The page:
Walter Benest, Constable of St Brelade 1937-1945
Walter Benest was born in Trinity on 17 November 1883, the son of George John Benest and Eliza (nee Amy). He had two brothers, an older one, Emile, and a younger Snowden, who became Constable of Trinity.
He married Emma Margaret Le Boutillier, of St Brelade, and settled in the parish, living at La Sergente, La Moye. They had two daughters.
He first entered the honorary service of St Brelade at the age of 35, when he was elected Inspector of Roads in 1918. He served as Vingtenier for La Moye from 1925 to 1931 and was then elected Constable in 1937, an office he held until 1945, when he declined re-election. He was at the head of the administration of the parish all through the difficult time of the German Occupation of the Island.
Although the 1901 Census shows he was a solicitor’s clerk aged 17, he turned away from that profession and became a very successful grower at La Moye. He was also connected with the Free Churches of the Island all his life and was a trustee of Ebenezer Chapel, Trinity, and also of Tabor Chapel, St Brelade, where he had first sung a solo in the choir, and later filled the position of organist for many years. He was, as was said by the Reverend Underwood, “a man who loved music”.
He was also very interested in the recording of rainfall, and was ever ready with the figures from his gauge at La Sergente.
Walter Benest died, aged 68, on 18 August 1951, after a short period of ill health spent in a nursing home, during which his condition gradually became worse, culminating in his death, and leaving behind his wife and two daughters.
His funeral service was held at Ebenezer Chapel, with an interment following in St Brelade’s Cemetery. The service at Ebenezer Chapel Trinity was filled with islanders from all walks of life. The service was conducted by the Rev John Dodd, with the address given by the Rev G W Underwood. There was a strong contingent of advocates, solicitors and solicitor’s clerks from Hill Street. The Rev W G Tabb, Rector of St Brelade, was also present in his capacity as Vice-Dean, as the Dean was out of the Island.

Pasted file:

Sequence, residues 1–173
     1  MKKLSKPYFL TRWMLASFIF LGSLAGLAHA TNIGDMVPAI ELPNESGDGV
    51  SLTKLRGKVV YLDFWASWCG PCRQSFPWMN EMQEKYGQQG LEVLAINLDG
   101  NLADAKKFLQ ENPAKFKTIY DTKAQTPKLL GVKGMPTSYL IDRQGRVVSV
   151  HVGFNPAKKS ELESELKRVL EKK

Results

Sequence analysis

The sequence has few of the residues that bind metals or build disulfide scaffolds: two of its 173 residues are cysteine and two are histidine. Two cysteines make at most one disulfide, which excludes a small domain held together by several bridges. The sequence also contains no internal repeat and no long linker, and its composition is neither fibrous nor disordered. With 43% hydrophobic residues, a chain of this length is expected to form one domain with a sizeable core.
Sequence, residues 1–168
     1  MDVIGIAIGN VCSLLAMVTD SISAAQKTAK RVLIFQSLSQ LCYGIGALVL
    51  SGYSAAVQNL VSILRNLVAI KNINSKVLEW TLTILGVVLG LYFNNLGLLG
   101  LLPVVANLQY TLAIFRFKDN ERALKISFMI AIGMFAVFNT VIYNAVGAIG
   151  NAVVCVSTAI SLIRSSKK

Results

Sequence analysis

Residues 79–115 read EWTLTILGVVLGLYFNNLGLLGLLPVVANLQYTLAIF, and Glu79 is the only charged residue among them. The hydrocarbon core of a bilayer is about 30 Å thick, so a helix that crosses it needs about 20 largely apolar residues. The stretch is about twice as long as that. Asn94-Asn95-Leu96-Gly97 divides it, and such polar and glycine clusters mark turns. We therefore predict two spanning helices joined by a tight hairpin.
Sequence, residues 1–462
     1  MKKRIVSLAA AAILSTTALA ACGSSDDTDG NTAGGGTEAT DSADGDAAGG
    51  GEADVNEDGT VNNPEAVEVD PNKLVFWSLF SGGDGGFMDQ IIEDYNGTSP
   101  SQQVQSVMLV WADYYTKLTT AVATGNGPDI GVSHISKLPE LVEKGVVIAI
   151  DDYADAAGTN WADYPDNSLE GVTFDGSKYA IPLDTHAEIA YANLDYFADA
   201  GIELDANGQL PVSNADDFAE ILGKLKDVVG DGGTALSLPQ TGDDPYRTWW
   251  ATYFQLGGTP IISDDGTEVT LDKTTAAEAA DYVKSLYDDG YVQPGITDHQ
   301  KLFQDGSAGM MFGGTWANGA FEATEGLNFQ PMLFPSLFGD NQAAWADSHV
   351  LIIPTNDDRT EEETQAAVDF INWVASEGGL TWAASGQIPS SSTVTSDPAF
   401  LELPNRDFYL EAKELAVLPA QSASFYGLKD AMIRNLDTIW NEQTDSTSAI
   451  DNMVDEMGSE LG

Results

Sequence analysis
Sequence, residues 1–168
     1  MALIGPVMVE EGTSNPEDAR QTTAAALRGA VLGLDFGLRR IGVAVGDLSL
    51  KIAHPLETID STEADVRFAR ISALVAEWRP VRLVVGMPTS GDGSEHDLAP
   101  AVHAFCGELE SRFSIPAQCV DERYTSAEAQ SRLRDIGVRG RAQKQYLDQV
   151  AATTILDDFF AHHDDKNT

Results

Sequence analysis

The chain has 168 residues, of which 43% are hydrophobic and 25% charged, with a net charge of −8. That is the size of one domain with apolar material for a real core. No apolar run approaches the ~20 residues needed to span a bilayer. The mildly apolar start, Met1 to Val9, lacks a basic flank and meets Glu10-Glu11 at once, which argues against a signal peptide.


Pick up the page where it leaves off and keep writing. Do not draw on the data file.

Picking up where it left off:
In his address Mr Underwood said that they had met to pay their last respect to one who was very well known indeed to the people of the island. He had been a great servant of the island and of the Parish of St Brelade in particular. He was Constable during the difficult years of the Occupation, when he had to make many difficult decisions, many of which were odious to him but necessary, and he carried them according to his conscience, unheeding of what people might think of him.
From the main road to St Brelade’s Church lych gate were lined on each side 120 Scouts paying tribute to the man who had always been a good friend to the Scouting movement. Every year many different troops from England had come to enjoy their summer camps at La Sergente, and the visiting troops under canvas there were also present to pay tribute at the funeral. The troops present were the 8th Jersey All Saints Troop, the 1st Chesham Boys Troop, the 1st Little Heath Troop, nine Sea Scouts and the 1st Sunbury Troop.
The municipality of St Brelade and many other friends met at the church for the committal service in the old cemetery, despite a heavy rain shower falling just prior to the arrival of the cortege. The pathway from lych gate to graveside was lined by members of the municipality of St Brelade, headed by Mr H E Le Rossignol, the Constable. Also at the internment were over 150 mourners, including Lady Coutanche, Major General N G Hand, Island Commissioner of Boy Scouts, and Constables of St Ouen, Trinity, St Peter, St Saviour and St Lawrence, the Rev G.R. Balleine, Ralph Vibert, and Mr and Mrs Edmund Blampied.